HeidelbergCement has been enhancing the formulation of green concrete to suit the 3D printers chosen for their construction undertakings, ensuring sustainability and more efficient construction. The work started in 2018 when Italcementi, a subsidiary of Heidelberg, joined the 3D HOUSING 05 project during Milan Design Week to create and prototype a 100 square-meter house. This was 3D printed on-site by a robot utilizing green concrete.


From 2019, Holcim started working with COBOD to enhance its unique ink, “TectorPrint,” tailored for 3D printer applications. Numerous innovative building projects have resulted from the successful partnership between Holcim and COBOD. These include 3D-printed windmill tower bases with GE, the first-ever 3D-printed school in Malawi, and the biggest 3D-printed affordable housing project in Africa, located in Kenya.

Holcim’s President, Edelio Bermejo, who is also the Head of Global R&D, made a remark that, “At Holcim, we continually increase our variety of building solutions to construct better with less, aiming to enhance living standards sustainably for everyone. 3D concrete printing will assist us in achieving these objectives. Alongside COBOD, we anticipate expanding our TectorPrint series of unique 3D printing ink.”

This collaboration on numerous 3D printing cement projects underscores the feasibility of utilizing green concrete for such initiatives. This approach will help to save time, cut costs, and reduce carbon emissions.

Holcim 3D printed, sustainable home design with COBOD [Source: Contour Crafting]


To date, ICON’s Vulcan construction system has 3D printed several housing communities in Mexico and Texas. The homes are stronger, longer-lasting than those built with traditional materials such as wood, and are constructed quicker with less waste and harmful emissions. We have covered homes built by ICON previously on Fabbaloo.

ICON Vulcan 3D printer construction system for homes [Source: M3Design]


Cemex Ventures is pushing technology boundaries in the construction industry, including the utilization of 3D printing materials such as cement.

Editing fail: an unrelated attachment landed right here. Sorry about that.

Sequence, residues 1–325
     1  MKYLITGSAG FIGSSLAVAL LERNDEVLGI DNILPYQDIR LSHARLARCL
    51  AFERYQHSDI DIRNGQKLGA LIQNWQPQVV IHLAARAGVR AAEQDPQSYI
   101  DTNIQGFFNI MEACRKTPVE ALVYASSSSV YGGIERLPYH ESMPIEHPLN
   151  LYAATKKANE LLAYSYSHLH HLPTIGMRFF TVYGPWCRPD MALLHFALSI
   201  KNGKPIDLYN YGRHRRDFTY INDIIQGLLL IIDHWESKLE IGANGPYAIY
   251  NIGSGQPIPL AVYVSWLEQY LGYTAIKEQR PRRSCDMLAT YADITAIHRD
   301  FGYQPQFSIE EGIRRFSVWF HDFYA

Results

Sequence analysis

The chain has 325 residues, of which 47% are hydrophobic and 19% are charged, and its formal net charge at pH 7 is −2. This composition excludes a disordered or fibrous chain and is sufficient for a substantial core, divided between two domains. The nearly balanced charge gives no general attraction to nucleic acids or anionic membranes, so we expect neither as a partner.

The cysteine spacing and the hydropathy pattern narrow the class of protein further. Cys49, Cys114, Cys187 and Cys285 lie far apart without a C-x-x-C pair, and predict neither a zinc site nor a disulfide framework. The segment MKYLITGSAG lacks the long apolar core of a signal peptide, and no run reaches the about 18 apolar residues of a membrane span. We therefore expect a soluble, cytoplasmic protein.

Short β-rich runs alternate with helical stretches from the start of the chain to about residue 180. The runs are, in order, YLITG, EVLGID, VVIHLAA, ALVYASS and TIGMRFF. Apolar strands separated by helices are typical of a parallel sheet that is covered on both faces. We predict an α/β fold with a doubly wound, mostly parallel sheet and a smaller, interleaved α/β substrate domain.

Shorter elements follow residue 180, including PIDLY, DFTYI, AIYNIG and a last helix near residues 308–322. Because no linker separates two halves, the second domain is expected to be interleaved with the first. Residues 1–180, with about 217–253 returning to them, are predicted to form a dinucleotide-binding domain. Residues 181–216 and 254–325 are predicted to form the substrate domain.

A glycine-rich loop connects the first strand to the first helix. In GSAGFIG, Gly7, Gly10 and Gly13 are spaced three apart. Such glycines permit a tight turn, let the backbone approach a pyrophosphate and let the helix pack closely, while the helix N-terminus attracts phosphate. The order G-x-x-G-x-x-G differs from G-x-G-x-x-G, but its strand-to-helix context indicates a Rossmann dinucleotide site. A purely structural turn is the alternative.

The company has broadened its collaboration with COBOD to cultivate a new batch of unique admixtures, termed D.fab. These enable conventional concrete to be effectively tailored for 3D printing construction. In their initiative to lower the carbon footprint of their 3D printing constructions, Cemex is cooperating with COBOD on creating novel materials and optimizing mix preparation. They are also investing in decarbonization strategies, with an emphasis on carbon capture, usage, storage, alternative fuels, and hydrogen-related solutions.

The Research & Development Tax Credit

The enduring Research and Development (R&D) Tax Credit is available for corporations that are investing in the creation of new or enhanced products, processes and/or software.

The incorporation of 3D printing can significantly uplift a company’s R&D Tax Credits. Salaries of technical staff who are involved in generating, testing and refining 3D printed prototypes can be calculated as a portion of qualified time for the R&D Tax Credit. Similarly, the time dedicated to incorporating 3D printing hardware and software in efforts to enhance a process also qualifies as eligible activity. Moreover, when utilized for modeling and pre-production, the expenses borne for filaments used during the developmental stages may also be redeemable.

Whether leveraged for generating and putting prototypes to test, or for the final stage of production, 3D printing stands as a solid indicator of activities eligible for R&D Credit. Corporations bringing this technology onboard at any stage should contemplate leveraging the benefits of R&D Tax Credits.

No Time to Waste…

The construction industry has earned a reputation for its significant carbon emissions. However, the advent of green concrete presents a possibility to counter this trend. The sphere of 3D printing technology can adopt an eco-friendly approach by incorporating green cement in the conceptualization of cement 3D printers.

Original source


“Why did the 3D printer go to therapy? Because it had too many layers of unresolved issues!”